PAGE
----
Betterment Review 2020

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Betterment

Overall Rating

9.5

Bottom Line

With over $8 billion under management, Betterment is an innovative company making it easier to invest with tools previously only available to the wealthy. Whether you want a simple cost-effective investing platform or personal help, Betterment is a best in class Robo advisor and investing platform.

Pros

  • No minimum deposit
  • Simple and easy to use
  • Friendly goal specific investing
  • Exceptional customer service
  • No transfer or account closing fees

Cons

  • Closing an account requires snail mail
  • Might be too simple for experienced investors

Investing Options

9.5

Fees

9.0

Mobile Experience

9.5

Beginner Friendly

10.0

Customer Service

9.5

No minimum balance, affordable fees, an advanced yet user-friendly platform — Betterment has removed a lot of the barriers to investing.

I’m not surprised the service has emerged as a consistent leader — especially among millennials — in the fast-changing world of robo-advising.

But new Robo-advisors start up all the time. Before joining the nearly half-million people with assets managed by Betterment, let’s take a closer look at how the service works.

What Is Betterment?

Betterment is a Robo-advisor, which means the service uses a computer algorithm instead of a human broker to invest your money and rebalance your portfolio.

Your goals and risk tolerance, which Betterment learns from its questions when you open your account, will help inform the platform’s algorithms on how to build your portfolio.

For example, if you’re saving for a down payment on a house, Betterment will invest differently than it would for someone investing for retirement planning.

Betterment manages about $16 billion in assets for about a half-million customers. The service’s number of users has grown steadily over the past decade.

People with very little disposable income use Betterment to get a foot in the door as investors without paying fees to certified financial planners. Others have hundreds of thousands of dollars in their Betterment accounts.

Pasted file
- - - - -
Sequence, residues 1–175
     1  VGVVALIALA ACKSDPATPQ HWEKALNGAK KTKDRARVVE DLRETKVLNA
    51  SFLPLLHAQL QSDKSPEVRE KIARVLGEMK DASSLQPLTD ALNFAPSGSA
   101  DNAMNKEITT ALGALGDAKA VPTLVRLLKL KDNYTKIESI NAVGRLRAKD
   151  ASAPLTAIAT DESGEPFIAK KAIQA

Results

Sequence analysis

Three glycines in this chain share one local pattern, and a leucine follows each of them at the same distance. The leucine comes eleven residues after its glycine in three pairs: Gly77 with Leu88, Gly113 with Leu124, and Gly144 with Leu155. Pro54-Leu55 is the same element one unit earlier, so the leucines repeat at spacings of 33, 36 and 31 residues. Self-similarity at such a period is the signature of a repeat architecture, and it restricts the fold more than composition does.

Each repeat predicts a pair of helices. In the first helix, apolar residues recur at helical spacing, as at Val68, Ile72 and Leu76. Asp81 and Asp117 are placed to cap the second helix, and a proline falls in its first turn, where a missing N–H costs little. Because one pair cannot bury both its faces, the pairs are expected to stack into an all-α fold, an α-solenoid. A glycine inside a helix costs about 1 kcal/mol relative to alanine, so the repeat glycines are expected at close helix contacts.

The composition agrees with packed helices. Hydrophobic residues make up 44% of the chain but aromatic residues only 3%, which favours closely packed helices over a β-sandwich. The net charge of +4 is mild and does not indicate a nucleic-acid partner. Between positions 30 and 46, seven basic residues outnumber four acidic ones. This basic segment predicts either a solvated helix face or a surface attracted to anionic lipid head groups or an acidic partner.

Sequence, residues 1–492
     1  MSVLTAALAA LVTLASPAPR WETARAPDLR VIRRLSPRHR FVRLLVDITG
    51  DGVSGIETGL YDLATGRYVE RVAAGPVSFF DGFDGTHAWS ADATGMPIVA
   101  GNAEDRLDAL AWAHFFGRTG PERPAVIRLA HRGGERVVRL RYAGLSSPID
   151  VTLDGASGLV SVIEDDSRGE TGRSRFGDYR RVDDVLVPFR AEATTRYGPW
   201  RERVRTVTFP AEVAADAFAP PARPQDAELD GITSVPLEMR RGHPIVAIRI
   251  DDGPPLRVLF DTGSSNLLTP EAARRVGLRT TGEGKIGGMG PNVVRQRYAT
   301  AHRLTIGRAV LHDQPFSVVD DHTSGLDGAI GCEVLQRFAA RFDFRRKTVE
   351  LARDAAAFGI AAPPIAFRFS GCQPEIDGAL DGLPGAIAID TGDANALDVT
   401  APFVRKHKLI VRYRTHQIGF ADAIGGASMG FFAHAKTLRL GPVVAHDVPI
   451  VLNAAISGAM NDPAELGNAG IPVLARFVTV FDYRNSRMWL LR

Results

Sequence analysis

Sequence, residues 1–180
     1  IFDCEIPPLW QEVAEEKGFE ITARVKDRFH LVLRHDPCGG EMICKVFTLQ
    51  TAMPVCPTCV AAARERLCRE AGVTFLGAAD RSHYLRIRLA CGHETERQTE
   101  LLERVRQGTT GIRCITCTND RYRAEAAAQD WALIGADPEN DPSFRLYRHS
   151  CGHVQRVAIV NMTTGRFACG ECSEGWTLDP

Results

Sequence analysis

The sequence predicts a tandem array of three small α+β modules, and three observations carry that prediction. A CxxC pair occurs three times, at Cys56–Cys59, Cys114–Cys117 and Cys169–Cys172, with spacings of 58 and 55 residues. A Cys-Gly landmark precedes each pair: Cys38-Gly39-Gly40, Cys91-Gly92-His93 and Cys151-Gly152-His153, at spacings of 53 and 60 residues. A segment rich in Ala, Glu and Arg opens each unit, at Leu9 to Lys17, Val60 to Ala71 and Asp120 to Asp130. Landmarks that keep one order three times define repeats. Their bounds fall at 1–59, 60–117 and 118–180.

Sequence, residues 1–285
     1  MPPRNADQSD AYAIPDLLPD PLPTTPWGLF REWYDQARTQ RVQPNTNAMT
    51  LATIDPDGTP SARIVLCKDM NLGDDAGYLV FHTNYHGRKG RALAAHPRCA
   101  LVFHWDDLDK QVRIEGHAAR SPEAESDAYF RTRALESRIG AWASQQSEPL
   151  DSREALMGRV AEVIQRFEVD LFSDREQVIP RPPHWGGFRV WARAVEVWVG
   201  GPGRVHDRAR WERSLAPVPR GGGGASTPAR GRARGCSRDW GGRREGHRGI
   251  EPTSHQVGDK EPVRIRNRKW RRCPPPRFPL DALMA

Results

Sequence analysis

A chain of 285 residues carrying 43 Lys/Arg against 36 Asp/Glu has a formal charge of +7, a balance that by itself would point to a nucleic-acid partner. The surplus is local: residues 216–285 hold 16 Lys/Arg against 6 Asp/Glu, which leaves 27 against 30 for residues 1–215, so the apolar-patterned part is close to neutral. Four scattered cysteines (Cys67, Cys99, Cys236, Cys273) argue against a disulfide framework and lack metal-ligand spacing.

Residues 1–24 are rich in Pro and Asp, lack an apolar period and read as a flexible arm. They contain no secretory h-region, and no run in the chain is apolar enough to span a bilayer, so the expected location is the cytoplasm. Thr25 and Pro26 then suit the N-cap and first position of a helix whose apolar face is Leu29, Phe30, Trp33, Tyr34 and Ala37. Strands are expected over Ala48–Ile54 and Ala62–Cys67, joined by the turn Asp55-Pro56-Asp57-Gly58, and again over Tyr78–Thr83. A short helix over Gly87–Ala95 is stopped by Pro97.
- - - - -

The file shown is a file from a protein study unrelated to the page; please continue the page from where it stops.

Betterment remains popular, in part, because of its simplicity and its lack of a minimum deposit. Even a $500 minimum deposit like Wealthfront’s can turn away users who can’t set aside $500.

How Does Betterment Work?

Minimum Investment

  • $0

Management Fee

  • 0.25 percent a year (0.4 percent for $100,000)

Accounts

  • Taxable
  • Joint Taxable
  • Retirement
  • Trusts

Features

  • Automatic rebalancing of your portfolio
  • Tax-loss harvesting
  • Ability to purchase fractional shares
  • Automatic deposits available
  • Charitable giving help available
  • High-yield savings option available
  • Checking account coming soon
  • Human advising available

Betterment is an easy to use platform where users can start investing with as little as $10. The platform asks you a series of questions about your age, income, risk tolerance, and financial goals.

In recent years there has been a shift towards “goals-based” investing, which I like because it helps you save towards something tangible like buying a home, college planning, taking a dream vacation, or retirement.

The Betterment platform also lets you know when you are “on-track” or “off-track” to meet your goals and tells you how much more you should be saving to achieve your goal (based on expected returns) within the time frame you have selected.

How To Open A Betterment Account

  1. Open an Account: When you open a Betterment account, Betterment will ask some questions to determine your investing style and goals and to get an idea about your broader financial life.
  2. Fund Your Account: You’ll then connect your Betterment account to your checking account and transfer some money into your Betterment account.